Repeatable Read – This isolation level places a shared lock on resources (when reading) during the entire transaction thereby preventing other transactions from modifying the same data. This lock prevents non-repeatable reads but allows phantom reads. For example, let us say that a new record was inserted by another transaction after the current transaction has completed its first read. This new record could get included in later reads of the current transaction causing phantom reads.  Thought this isolation level prevents dirty reads and non-repeatable reads, it allows phantom reads.

Serializable – Serializable is similar to Repeatable Read, but it places a Key Range Lock preventing other transactions from modifying or inserting new rows until the transaction is committed or rolled back. This is the least concurrent of all the isolation levels and is the default isolation level in SQL Server Integration Services. This isolation doesn’t prevents reads, phantom reads and non-repeatable reads.

Read Committed Snapshot (new since SQL Server 2005) – This is a variation of Read Committed isolation level which allows user to look at the data as it was during the beginning of the SELECT statement. To accomplish this, it implements row versioning by taking a copy of the row to be modified and storing it in tempdb. This means that shared locks are never placed on resource and read operations retrieve the recent committed copy of the data from version store (tempdb). In other words, readers do not block writers and writers do not block readers. This isolation doesn’t allow dirty reads, phantom reads or non-repeatable reads.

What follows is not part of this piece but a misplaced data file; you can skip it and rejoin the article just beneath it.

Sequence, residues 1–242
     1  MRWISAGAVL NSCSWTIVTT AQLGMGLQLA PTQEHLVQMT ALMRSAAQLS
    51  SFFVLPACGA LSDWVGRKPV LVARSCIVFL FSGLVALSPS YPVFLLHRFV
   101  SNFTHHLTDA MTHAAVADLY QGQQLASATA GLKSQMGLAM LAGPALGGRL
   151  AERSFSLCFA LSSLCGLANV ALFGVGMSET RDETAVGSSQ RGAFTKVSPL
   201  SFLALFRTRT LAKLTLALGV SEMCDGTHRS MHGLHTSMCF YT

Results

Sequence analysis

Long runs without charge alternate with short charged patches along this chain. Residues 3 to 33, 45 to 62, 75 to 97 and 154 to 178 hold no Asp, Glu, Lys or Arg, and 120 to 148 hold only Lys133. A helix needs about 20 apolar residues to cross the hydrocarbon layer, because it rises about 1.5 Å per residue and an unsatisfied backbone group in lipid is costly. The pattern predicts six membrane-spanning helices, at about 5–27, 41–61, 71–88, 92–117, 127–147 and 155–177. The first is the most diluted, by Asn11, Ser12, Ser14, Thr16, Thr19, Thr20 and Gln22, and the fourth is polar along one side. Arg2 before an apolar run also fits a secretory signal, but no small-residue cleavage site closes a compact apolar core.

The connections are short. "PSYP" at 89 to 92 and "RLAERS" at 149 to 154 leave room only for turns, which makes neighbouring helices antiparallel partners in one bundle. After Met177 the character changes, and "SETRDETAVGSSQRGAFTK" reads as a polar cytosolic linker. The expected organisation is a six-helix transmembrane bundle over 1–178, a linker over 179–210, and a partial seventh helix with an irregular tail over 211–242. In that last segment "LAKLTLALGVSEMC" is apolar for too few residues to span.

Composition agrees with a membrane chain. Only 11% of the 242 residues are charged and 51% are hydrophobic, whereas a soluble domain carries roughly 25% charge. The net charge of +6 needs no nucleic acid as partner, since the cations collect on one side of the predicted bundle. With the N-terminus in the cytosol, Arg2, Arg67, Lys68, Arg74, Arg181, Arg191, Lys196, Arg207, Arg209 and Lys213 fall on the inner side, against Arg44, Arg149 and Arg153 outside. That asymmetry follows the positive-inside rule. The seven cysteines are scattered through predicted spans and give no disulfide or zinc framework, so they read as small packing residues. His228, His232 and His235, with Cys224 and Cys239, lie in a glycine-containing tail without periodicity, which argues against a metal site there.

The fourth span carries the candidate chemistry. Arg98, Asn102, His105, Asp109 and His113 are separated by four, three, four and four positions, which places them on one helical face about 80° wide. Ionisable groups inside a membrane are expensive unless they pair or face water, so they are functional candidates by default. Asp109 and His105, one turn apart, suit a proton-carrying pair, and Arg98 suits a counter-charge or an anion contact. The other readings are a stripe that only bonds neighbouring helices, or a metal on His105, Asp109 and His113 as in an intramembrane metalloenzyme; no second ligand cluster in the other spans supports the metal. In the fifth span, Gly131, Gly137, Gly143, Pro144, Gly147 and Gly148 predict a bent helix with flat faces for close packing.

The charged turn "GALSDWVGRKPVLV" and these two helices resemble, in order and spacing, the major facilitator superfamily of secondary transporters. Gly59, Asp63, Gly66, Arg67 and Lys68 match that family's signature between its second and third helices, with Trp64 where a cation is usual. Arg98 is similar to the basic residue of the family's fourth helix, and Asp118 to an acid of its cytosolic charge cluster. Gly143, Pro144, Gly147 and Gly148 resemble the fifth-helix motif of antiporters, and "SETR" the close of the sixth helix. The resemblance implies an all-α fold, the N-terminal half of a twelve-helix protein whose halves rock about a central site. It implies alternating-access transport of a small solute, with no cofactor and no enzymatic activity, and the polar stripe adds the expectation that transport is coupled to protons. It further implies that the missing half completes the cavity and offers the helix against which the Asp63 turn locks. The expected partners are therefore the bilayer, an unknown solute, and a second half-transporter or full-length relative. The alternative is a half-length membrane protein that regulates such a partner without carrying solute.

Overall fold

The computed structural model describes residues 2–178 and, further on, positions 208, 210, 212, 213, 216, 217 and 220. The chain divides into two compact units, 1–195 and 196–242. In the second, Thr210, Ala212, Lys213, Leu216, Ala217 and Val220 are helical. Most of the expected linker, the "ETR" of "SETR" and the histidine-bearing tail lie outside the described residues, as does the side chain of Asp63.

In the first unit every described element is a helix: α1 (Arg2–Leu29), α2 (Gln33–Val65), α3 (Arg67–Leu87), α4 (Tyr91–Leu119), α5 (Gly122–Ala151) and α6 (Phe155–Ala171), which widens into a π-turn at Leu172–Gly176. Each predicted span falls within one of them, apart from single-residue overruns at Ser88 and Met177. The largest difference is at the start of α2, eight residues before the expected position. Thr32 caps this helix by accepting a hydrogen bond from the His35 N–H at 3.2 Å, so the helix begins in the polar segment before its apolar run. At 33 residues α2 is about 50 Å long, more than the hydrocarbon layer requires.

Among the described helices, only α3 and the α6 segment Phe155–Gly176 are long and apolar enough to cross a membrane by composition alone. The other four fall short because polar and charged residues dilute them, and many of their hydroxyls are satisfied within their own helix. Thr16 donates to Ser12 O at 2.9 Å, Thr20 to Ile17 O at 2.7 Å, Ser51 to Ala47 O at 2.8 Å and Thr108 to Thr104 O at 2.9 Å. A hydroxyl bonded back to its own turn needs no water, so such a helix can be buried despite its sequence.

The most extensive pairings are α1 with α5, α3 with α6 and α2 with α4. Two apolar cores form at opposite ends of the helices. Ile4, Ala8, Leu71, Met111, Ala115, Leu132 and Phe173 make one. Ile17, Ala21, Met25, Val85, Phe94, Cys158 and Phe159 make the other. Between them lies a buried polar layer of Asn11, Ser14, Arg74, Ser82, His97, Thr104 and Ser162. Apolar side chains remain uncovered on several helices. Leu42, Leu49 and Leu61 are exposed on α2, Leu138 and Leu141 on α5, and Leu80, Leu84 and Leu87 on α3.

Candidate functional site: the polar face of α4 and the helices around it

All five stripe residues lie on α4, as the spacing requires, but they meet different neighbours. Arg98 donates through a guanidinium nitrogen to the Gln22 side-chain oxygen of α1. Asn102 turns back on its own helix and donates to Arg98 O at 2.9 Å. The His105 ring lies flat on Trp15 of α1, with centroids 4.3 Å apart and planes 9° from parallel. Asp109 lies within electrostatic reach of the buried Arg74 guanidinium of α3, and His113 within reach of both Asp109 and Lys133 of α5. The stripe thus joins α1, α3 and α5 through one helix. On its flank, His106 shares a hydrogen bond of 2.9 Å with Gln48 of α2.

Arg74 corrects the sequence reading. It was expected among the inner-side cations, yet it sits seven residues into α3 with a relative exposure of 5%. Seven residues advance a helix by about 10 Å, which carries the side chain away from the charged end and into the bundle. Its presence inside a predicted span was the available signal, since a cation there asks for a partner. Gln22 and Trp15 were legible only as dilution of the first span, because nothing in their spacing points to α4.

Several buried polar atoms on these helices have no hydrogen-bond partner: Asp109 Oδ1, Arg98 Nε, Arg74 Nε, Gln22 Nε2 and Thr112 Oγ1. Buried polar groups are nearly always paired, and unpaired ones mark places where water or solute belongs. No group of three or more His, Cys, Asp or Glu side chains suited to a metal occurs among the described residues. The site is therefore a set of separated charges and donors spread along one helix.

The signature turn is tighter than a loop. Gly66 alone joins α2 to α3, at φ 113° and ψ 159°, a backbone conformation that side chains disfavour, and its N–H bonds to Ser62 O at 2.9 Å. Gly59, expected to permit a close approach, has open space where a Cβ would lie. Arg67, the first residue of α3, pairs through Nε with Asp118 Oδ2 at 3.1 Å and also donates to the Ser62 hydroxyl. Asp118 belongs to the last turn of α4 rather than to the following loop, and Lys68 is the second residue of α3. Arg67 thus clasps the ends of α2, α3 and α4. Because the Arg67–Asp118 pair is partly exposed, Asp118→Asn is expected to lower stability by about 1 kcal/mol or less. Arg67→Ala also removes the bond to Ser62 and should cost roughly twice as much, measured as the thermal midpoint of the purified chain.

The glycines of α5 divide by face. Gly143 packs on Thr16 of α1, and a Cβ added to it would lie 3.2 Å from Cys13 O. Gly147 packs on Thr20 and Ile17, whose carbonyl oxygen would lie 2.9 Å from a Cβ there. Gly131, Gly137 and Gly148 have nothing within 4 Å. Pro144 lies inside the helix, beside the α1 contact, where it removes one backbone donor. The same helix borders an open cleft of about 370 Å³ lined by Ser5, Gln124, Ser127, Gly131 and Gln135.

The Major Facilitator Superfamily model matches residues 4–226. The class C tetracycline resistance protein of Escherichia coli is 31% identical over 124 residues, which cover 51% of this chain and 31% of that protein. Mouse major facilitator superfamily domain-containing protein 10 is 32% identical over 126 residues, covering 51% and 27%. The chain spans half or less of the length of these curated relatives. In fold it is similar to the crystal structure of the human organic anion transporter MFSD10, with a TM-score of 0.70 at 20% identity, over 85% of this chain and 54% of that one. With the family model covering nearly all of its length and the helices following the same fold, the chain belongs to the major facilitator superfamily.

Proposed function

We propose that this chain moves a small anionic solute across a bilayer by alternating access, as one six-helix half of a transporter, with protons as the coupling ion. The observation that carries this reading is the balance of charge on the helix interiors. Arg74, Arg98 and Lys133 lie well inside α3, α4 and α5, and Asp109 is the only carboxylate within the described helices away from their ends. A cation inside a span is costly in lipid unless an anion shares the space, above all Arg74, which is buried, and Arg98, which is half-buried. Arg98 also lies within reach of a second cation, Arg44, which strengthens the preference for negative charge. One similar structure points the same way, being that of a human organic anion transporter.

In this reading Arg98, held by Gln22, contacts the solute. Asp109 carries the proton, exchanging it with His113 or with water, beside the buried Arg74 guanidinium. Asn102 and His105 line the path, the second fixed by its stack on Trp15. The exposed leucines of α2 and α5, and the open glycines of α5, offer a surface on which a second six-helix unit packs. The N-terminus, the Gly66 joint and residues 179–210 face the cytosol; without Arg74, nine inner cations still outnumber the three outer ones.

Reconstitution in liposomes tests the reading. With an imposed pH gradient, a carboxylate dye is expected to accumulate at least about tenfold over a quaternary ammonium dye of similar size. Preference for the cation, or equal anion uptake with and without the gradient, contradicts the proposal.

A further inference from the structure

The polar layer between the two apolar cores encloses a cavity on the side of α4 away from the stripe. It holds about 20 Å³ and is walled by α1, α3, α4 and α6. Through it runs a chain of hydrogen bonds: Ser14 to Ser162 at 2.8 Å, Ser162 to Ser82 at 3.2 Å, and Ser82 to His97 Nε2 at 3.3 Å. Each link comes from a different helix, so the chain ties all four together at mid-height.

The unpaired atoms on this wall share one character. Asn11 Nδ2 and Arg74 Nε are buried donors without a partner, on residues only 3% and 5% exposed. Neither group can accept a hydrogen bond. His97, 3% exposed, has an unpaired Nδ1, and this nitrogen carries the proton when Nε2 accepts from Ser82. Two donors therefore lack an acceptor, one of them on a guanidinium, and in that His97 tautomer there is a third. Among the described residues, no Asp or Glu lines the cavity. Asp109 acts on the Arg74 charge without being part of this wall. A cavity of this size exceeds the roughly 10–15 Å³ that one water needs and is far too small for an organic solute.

Snapshot Isolation (new since SQL Server 2005) – Snapshot Isolation is similar to Read Committed Snapshot, but it is based at the transaction level unlike Read Committed Snapshot which is based at the statement level. Like Read Committed Snapshot, this isolation doesn’t allow dirty reads, phantom reads or non-repeatable reads.

Please note that Isolation Levels only define how shared locks should behave, exclusive locks are not affected by changing isolation levels.

1. Dirty reads occur when a transaction reads data that is being modified by another transaction which is not yet committed. Since the changes have not been committed, there are chances that these changes might be rolled back and hence the reading operation is said to read “dirty” data.
2. Phantom reads occur when a transaction accesses a collection of rows more than once and another transaction inserts rows that happen to be in the range of rows retrieved by the first transaction causing first transaction to read more number of rows in future reads.
3. Non-repeatable reads occur when a transaction accesses a range of rows more than once and another transaction updates or deletes rows that fall in the range of rows retrieved by the first transaction so that the first transaction sees a different result set each time it retrieves data.

April 13, 2010

Achieving Greater Concurrency in SQL Server

TechNet Webcast: SQL Server 2005 Series (Part 3 of 10): Achieving Greater Concurrency (Level 200)